Fabian de Kok-Mercado, Johns Hopkins University School of Medicine, Department of Art as Applied to Medicine
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Owls (Order Strigiformes) can perform 270-degree neck rotations. The cervico-cephalic vessels are notoriously sensitive to rotary motion in most vertebrates, including man, in whom injury of these arteries commonly leads to cerebral infarction. This poster was created as part of a Master’s thesis study that examined whether owls have evolved specific arterial adaptations that accommodate their extreme range of neck rotation. The intermediate carotid and vertebral arteries were closely examined from the basi-cervical region up to the formation of the basilar artery using 3D Fusion digital subtraction angiography and traditional dissection techniques. Numerous vascular adaptations were documented that were considered directly related to neck rotation. The study was conducted on 12 deceased owl specimens. None were sacrificed for the purpose of this study. The full study team included Fabian de Kok-Mercado, Michael Habib, Tim Phelps, Lydia Gregg and Philippe Gailloud.
Comparative Anatomists, Ornithologists, Morphologists, and Veterinarians
The purpose of this poster is to summarize a portion of the findings yielded by this investigation. Key arterial landmarks considered specific adaptations related to the owl’s extensive gyratory elasticity have been highlighted. In addition, the poster was created to aid veterinarians caring for injured birds, considering that most accidental owl deaths are caused by hemorrhages secondary to car collision.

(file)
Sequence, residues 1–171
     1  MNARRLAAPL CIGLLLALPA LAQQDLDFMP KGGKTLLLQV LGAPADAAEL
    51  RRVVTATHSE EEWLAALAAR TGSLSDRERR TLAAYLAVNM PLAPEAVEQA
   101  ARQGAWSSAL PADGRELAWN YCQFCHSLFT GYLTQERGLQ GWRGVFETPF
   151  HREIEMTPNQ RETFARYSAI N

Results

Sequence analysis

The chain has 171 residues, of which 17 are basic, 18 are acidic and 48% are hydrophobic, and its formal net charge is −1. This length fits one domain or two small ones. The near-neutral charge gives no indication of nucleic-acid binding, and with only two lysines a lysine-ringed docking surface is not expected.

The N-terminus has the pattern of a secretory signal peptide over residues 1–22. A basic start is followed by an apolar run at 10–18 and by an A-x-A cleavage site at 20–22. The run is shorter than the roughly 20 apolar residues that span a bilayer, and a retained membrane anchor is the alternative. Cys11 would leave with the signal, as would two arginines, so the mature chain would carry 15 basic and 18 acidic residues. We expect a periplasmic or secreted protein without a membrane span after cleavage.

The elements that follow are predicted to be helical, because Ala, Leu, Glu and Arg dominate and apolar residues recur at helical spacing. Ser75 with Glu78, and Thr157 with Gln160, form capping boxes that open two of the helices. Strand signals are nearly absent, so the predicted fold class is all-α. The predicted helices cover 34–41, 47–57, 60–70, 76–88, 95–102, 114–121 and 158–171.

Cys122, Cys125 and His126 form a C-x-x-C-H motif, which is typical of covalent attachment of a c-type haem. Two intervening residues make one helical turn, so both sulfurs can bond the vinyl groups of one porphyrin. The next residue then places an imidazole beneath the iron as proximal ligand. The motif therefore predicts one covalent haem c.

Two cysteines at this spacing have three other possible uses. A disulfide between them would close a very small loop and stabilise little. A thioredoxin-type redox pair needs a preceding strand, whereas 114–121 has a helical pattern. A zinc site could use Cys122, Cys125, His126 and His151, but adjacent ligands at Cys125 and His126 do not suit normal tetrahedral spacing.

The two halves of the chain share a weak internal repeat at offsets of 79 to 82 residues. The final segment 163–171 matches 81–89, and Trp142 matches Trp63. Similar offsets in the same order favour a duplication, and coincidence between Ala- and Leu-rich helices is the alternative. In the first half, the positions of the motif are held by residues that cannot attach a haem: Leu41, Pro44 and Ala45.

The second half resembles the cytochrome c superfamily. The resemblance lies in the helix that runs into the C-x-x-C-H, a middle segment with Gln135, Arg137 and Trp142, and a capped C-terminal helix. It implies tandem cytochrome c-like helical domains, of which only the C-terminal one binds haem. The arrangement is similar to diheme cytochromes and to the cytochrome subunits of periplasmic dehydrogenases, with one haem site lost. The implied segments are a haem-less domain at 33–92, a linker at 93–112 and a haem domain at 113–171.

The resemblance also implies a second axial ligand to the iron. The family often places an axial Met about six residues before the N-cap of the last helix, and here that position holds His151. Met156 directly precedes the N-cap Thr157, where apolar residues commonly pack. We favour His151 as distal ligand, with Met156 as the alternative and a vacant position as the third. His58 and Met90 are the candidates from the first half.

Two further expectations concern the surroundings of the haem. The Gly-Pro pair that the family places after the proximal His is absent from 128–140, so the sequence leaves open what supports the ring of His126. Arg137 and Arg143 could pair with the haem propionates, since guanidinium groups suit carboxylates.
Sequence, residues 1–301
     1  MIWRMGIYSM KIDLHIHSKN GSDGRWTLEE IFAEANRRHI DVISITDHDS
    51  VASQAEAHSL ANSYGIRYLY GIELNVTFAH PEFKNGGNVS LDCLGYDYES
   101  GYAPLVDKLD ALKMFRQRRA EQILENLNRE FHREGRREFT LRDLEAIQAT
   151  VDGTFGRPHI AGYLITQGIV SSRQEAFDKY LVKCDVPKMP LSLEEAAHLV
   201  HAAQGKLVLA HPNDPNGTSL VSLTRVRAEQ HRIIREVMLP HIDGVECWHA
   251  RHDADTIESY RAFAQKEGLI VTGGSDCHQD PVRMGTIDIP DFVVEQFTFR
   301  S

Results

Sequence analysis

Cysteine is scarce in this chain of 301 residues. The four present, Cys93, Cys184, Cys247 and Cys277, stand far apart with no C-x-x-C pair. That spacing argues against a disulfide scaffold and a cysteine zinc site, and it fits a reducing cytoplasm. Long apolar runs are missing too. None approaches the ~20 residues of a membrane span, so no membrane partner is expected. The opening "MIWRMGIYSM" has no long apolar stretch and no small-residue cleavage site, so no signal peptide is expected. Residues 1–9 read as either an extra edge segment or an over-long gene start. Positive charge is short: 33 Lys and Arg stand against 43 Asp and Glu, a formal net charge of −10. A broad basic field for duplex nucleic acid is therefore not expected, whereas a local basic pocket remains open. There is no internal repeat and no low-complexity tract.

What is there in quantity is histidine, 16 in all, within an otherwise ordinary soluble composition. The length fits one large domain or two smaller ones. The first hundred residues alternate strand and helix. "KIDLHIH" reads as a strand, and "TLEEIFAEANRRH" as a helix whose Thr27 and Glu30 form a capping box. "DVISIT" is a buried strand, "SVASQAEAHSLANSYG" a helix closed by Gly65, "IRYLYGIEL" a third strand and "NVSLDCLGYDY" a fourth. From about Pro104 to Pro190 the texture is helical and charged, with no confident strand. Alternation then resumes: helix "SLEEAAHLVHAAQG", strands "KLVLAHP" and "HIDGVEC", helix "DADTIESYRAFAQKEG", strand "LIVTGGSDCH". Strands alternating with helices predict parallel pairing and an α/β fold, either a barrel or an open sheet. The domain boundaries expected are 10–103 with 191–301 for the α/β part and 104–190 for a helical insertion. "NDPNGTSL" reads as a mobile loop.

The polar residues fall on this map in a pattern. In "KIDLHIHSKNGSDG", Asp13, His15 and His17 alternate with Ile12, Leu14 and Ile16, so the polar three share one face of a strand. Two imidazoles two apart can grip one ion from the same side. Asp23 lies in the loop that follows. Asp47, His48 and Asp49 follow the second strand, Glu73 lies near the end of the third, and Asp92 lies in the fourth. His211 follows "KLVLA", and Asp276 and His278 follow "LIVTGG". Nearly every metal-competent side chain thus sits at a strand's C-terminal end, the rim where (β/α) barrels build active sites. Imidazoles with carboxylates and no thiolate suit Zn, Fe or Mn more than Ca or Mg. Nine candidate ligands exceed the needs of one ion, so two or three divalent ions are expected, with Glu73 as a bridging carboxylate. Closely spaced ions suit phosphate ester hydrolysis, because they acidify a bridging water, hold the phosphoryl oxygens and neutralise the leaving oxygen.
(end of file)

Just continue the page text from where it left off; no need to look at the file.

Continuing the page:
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A traditional rendering technique was implemented for the illustrations in order focus the viewer’s attention on key didactic elements that provide visual translations of the hard-edged radiology data. The design and layout strives for continuity and harmony between the written and visual data presented.
Close attention is placed on the interaction between labels, text, and images. Information and data have been visually tiered in a meaningful order to increase comprehension. Labels for key anatomical landmarks are highlighted in bold and are also highlighted in the descriptions to provide relevance and continuity. Opacity and color-coding are used sparingly within the illustrations to pull focal points into the foreground when necessary.
This poster represents the first comprehensive investigation clarifying the cervical arterial anatomy of the owl. Although fragmentary information can be found in older literature, knowledge of the anatomy of the carotid and vertebral arteries of the owl prior to this study was quasi inexistent. In addition to filling a gap in the field of descriptive avian morphology, the data gathered during this study sheds light on the vascular adaptations allowing for the owl’s unique cervical mobility.
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